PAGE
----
• only in black and white print … nothing that would transfer to digital 😦 I so loved TNH in many ways, I hadn’t realised he was so elderly.
      Too wet to cart a camera on the beach, I do manage to keep my hybrid ‘electronic’ key safe in a plastic bag!

      Liked by 2 people

  1. You recall me, Kate, the old time of my youth when the way to communicate was the letter. I wrote to my parents every week ,to my fiancee Janine , every day! No phone at home . We got it only in in 1972!
    I still have many letters I sent or I received . Where are the e.mails sent from 1994? Lost for the most part.What you describe about photo recalls also my youth and also the lab my oldest son made at our home to get by himself his photos black and white on paper.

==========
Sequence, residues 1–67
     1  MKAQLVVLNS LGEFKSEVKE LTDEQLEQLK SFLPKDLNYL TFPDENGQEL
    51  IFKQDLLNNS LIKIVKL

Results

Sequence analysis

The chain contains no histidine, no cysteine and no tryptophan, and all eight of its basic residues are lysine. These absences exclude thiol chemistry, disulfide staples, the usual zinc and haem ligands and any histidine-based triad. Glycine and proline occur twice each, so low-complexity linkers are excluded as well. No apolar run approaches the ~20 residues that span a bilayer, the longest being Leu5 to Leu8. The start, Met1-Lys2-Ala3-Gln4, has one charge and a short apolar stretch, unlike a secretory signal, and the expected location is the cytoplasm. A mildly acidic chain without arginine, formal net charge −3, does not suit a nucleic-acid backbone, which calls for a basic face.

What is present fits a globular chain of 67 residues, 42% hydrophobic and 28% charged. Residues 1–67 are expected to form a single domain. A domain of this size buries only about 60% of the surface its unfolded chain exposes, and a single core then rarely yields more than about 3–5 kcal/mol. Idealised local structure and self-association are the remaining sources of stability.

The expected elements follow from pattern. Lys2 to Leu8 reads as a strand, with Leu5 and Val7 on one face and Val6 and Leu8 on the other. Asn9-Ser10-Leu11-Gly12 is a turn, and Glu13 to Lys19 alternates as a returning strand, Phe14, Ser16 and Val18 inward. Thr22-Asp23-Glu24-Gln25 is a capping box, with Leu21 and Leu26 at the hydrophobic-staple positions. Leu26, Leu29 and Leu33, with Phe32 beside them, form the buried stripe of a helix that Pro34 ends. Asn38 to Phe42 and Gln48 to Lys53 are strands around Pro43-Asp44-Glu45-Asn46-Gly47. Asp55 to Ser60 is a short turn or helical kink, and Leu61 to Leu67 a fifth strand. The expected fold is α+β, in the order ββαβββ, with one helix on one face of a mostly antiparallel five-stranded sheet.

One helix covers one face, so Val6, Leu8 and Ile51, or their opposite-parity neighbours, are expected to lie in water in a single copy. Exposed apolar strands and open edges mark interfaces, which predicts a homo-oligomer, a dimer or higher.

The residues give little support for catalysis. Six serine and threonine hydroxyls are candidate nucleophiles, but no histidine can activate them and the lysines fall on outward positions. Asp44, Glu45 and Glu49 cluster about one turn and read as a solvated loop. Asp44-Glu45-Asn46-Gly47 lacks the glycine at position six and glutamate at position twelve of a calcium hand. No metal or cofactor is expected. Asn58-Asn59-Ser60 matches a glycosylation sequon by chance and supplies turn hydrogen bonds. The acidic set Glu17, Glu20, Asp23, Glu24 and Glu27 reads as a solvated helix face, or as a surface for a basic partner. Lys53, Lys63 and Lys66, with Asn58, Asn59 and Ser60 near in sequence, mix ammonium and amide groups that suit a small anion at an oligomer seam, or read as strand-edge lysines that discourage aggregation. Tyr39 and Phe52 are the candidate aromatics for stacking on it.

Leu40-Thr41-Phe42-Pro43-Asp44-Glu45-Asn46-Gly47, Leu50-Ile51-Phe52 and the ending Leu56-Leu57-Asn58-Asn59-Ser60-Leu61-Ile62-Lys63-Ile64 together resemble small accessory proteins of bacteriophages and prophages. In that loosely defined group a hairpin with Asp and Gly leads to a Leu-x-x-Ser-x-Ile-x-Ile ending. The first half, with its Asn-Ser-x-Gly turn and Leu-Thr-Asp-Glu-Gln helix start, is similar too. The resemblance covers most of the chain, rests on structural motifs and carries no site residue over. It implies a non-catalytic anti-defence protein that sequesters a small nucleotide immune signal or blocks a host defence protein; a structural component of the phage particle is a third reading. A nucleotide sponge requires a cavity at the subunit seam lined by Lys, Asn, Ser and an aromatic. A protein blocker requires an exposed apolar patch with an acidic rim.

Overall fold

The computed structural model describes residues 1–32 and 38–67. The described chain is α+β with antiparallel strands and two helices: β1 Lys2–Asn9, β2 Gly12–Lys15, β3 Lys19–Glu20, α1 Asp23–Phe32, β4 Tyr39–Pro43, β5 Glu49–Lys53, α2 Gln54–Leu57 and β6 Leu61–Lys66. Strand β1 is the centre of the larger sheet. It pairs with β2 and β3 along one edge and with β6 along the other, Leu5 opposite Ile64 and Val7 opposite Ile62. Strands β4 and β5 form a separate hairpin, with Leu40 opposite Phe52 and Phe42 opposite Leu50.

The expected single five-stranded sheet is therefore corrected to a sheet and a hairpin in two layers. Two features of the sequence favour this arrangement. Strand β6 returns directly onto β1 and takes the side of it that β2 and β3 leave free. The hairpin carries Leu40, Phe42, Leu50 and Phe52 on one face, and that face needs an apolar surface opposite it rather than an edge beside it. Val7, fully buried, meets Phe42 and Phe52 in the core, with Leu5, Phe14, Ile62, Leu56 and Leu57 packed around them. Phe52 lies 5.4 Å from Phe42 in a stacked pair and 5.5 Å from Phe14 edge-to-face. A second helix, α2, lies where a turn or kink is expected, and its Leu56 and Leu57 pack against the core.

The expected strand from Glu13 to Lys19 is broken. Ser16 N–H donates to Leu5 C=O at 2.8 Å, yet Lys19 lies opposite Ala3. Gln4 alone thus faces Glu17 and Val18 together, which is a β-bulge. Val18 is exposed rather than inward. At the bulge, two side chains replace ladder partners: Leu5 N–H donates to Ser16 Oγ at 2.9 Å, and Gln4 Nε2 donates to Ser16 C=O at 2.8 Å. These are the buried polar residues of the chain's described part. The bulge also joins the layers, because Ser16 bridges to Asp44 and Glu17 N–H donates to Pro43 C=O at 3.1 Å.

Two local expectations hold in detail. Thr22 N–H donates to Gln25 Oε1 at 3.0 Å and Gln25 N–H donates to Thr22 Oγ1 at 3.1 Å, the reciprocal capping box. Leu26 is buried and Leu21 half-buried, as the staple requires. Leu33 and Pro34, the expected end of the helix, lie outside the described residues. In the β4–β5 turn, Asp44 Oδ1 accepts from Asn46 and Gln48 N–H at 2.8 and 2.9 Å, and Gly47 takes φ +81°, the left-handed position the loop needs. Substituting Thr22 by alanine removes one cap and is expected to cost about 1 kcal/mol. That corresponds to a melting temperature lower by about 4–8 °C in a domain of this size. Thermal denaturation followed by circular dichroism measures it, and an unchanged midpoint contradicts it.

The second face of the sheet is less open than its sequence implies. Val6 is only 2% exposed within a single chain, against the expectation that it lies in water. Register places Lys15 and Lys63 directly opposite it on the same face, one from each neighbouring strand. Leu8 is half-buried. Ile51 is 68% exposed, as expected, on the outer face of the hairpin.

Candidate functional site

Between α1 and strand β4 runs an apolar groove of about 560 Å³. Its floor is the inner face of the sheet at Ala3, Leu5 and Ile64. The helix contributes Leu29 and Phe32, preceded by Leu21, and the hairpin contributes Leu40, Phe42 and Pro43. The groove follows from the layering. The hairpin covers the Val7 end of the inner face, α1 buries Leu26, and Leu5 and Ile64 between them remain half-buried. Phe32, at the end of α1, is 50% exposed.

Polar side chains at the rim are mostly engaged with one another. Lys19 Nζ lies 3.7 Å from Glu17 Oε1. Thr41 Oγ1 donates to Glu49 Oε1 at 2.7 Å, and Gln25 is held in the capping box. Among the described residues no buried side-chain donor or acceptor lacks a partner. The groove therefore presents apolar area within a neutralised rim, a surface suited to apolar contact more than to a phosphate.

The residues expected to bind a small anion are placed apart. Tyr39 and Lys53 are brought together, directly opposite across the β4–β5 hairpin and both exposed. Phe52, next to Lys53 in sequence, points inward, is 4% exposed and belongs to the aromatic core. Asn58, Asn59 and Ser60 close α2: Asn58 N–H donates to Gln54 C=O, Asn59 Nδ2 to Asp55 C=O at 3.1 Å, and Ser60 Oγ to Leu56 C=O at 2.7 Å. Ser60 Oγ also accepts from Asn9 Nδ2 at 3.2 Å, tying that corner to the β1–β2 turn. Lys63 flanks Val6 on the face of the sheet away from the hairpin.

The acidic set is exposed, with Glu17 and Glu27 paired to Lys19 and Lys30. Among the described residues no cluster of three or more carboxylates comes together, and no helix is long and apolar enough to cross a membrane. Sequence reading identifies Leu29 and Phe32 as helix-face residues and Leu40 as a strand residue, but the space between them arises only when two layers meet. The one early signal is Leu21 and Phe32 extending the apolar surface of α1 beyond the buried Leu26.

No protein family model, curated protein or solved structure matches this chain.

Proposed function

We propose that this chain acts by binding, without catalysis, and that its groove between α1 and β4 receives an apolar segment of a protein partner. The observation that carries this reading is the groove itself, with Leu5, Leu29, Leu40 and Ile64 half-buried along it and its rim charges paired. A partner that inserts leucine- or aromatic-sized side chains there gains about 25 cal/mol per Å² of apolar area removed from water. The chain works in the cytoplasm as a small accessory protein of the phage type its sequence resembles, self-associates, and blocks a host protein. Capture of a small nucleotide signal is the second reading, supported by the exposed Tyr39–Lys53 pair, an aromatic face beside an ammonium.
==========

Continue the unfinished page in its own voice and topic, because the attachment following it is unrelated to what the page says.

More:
Love ❤
    Michel

    Liked by 2 people

    • so glad it brought such fond memories back Michel … so many will miss that treasure of handwritten letters and interesting stamps! And the fun of developing their own films 🙂

      Liked by 2 people

      • In the past we kept carefully the beloved ones ‘ s letters . I re-read some of them recently, Kate , but I had to stop because the emotion envading me . They were letters of the years 1950’s : there was the writing , the paper and its scent, the colors ,the enveloppes , the addresses etc….and of course the words always present.

        Liked by 1 person

  2. Oh, how wonderful, SweetKate! And what great memories! I got a bit joy-teary-eyed. 🙂 And smiled a lot while reading! 🙂
    I grew up with pen-pals…some I’d met at summer camps and we kept in touch after camp ended.